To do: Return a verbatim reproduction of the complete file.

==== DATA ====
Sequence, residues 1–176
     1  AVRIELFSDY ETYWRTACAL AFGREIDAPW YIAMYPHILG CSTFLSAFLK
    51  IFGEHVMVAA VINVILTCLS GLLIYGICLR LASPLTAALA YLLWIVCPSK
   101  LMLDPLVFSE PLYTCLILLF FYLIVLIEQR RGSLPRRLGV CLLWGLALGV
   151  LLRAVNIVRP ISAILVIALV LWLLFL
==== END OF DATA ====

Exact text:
Sequence, residues 1–176
     1  AVRIELFSDY ETYWRTACAL AFGREIDAPW YIAMYPHILG CSTFLSAFLK
    51  IFGEHVMVAA VINVILTCLS GLLIYGICLR LASPLTAALA YLLWIVCPSK
   101  LMLDPLVFSE PLYTCLILLF FYLIVLIEQR RGSLPRRLGV CLLWGLALGV
   151  LLRAVNIVRP ISAILVIALV LWLLFL